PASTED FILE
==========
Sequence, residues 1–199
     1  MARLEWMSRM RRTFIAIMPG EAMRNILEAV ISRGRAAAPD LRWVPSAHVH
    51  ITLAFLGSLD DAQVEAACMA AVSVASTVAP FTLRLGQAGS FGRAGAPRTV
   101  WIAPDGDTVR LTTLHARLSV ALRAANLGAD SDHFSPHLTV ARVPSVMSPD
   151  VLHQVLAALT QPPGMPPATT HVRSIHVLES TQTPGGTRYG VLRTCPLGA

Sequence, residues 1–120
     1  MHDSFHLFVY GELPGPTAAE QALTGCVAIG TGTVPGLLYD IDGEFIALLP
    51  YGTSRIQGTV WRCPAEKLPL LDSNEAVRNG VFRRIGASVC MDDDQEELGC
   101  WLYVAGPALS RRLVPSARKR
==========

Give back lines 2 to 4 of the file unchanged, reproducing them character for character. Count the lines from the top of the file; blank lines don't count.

     1  MARLEWMSRM RRTFIAIMPG EAMRNILEAV ISRGRAAAPD LRWVPSAHVH
    51  ITLAFLGSLD DAQVEAACMA AVSVASTVAP FTLRLGQAGS FGRAGAPRTV
   101  WIAPDGDTVR LTTLHARLSV ALRAANLGAD SDHFSPHLTV ARVPSVMSPD